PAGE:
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Billboards, radio, television, and press advertisements are still fundamental forms of advertising, particularly in traditional economies with poor access to digital media. Digital advertising is, however, becoming more common in metropolitan areas due to the rising usage of smartphones and internet connectivity. Businesses use social media sites like Facebook, Instagram, and TikTok to connect with younger, more technologically adept audiences and customers. Traditional techniques continue to be essential for reaching larger audiences despite this transition towards digital advertising, but some argue that in a few years, digital advertising will dominate the market. In this article, EBR’s Eden Teshome tells the story of the evolution of advertising practices. 


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The practice of sending older people and those who need special care to specialized centres are rare in Ethiopia. Instead, they remain at home, depending on their loved ones. Caregiving for the elderly and long-term patients usually remains the responsibility of family members. The practice has been tied so closely to African tradition that there is even a saying that “Because you [i.e., the child’s older parents] have taken care of me to grow teeth, I will take care of you till your teeth fall out. As young men and women now would rather spend their day at their schools and jobs than take care of the elderly and sick, this tradition seems to be changing slowly but surely, writes EBR’s Eden Teshome.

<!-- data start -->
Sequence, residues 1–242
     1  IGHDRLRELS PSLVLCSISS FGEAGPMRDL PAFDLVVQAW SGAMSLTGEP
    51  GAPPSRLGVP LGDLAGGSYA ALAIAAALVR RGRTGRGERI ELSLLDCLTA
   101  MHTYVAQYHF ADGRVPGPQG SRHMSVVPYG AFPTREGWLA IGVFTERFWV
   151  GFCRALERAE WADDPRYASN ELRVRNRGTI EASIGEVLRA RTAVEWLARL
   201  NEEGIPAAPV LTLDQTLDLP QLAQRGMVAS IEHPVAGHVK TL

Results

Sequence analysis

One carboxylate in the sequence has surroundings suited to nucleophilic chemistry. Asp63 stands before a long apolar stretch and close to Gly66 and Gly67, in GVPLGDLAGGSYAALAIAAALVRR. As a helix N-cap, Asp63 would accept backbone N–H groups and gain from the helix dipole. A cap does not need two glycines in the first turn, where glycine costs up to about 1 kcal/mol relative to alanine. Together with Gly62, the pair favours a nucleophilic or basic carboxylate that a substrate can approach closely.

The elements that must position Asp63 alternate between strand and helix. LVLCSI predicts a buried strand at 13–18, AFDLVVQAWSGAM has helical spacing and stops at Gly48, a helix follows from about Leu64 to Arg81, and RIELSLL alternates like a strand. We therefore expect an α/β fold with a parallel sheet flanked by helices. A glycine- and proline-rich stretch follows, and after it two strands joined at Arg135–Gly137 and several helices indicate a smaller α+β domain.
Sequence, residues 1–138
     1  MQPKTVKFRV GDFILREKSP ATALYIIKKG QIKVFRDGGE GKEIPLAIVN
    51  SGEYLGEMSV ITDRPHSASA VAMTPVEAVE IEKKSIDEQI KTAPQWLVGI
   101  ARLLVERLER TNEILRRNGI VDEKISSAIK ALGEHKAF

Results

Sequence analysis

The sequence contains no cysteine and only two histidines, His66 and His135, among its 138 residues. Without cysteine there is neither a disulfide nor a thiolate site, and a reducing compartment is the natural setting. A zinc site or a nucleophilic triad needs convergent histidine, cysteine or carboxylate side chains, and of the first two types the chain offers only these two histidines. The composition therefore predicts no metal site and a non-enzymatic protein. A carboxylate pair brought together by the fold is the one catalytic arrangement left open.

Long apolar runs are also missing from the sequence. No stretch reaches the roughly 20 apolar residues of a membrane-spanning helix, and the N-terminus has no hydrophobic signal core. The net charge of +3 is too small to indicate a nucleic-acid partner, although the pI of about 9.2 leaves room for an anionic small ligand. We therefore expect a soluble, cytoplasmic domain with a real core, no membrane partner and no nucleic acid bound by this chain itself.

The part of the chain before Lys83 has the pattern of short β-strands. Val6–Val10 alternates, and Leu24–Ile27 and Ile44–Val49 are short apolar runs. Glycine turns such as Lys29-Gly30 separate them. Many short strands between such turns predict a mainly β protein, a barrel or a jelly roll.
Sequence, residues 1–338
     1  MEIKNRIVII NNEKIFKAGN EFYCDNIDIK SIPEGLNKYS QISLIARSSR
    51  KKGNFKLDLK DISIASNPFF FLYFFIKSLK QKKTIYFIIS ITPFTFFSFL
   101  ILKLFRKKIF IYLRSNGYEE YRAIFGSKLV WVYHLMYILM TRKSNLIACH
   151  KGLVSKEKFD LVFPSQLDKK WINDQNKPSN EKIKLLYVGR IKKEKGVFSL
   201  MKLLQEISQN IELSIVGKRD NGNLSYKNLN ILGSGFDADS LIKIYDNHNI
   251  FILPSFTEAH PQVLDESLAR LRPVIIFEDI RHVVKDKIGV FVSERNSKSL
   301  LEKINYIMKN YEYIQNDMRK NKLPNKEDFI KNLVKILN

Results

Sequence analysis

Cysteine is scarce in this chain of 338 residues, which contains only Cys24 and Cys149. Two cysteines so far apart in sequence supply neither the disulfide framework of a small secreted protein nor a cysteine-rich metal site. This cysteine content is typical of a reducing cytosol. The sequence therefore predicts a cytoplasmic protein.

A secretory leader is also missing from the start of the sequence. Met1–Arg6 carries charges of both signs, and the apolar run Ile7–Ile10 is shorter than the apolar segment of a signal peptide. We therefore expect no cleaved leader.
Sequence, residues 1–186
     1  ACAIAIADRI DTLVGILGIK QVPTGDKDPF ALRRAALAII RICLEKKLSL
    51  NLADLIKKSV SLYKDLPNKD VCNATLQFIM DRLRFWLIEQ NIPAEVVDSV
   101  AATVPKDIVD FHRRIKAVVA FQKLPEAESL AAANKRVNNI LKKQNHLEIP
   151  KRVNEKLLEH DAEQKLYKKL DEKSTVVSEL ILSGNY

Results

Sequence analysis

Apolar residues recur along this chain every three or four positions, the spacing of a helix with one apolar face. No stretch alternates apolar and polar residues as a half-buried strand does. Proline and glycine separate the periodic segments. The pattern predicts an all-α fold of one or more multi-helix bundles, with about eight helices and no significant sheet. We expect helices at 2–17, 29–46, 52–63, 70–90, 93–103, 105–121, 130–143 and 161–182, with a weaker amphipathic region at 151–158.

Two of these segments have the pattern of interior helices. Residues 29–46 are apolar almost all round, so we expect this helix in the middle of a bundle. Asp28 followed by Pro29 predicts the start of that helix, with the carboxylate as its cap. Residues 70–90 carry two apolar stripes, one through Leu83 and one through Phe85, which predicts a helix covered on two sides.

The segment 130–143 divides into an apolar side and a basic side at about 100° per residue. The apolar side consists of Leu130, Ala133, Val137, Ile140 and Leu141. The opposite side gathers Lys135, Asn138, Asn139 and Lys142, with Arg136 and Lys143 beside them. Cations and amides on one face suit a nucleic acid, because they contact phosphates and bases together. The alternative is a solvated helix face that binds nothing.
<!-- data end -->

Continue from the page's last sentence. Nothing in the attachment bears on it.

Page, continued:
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Almost every part of everyday life involves the Internet. In many parts of the World, internet connections have gone from being a luxury to a necessity. The COVID pandemic has brought into clear view the necessity of being linked to the outside Internet for survival and general sanity. 

Digital transformation has been a significant agenda item for the government, with the Prime Minister Abiy Ahmed taking a personal interest in the matter. The Internet was a necessity to disseminate and access information and follow up business activities such as upkeeping of supply chains and e-commerce, remote banking, or the ability to contact friends and family. Ironically, the Prosperity regime is also suffocating access to the Internet to limit the use of social media, which it accuses of fueling political tensions in the country. In this article, EBR’s Eden Teshome assesses the paradox of digital aspiration and the limited Internet access on which digital services heavily depend.


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FINTEX, the International Exhibition and Conference on Furniture, Interior, and Construction Finishing Products, Technologies, Machineries, Raw Materials, Accessories, and Services, is set to take place from June 15th to 18th, 2023, at the Millennium Hall in Addis Ababa. This event, co-hosted by African Trade-Fair Partners and Prana Events, revolves around the theme “PUTTING BUSINESSES IN THE SPOTLIGHT.”




Ethiopian Business Review | EBR is a first-class and high-quality monthly business magazine offering enlightenment to readers and a platform for partners.